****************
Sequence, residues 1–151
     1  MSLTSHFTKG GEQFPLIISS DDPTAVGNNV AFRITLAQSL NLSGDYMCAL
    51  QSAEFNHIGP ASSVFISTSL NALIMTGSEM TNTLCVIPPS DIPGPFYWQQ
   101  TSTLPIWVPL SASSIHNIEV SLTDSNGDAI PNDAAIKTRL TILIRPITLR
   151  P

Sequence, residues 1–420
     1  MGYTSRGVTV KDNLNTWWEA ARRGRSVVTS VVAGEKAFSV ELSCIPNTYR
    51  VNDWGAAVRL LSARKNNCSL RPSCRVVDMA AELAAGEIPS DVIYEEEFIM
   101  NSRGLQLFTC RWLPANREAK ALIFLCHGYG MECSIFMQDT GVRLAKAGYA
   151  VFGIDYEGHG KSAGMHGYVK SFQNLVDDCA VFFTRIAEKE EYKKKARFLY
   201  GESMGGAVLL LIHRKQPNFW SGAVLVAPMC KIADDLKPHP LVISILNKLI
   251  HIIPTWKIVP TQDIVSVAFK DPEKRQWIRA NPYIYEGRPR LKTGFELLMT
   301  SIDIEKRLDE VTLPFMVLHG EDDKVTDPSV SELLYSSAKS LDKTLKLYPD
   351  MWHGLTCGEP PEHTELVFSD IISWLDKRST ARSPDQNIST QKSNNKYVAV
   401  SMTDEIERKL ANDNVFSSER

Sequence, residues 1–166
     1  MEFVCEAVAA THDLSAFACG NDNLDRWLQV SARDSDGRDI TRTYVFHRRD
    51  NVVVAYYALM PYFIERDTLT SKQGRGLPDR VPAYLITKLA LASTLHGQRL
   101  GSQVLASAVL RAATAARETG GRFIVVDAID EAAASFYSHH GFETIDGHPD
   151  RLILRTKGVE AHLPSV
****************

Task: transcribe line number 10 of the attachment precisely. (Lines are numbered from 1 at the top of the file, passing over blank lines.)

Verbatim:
   151  VFGIDYEGHG KSAGMHGYVK SFQNLVDDCA VFFTRIAEKE EYKKKARFLY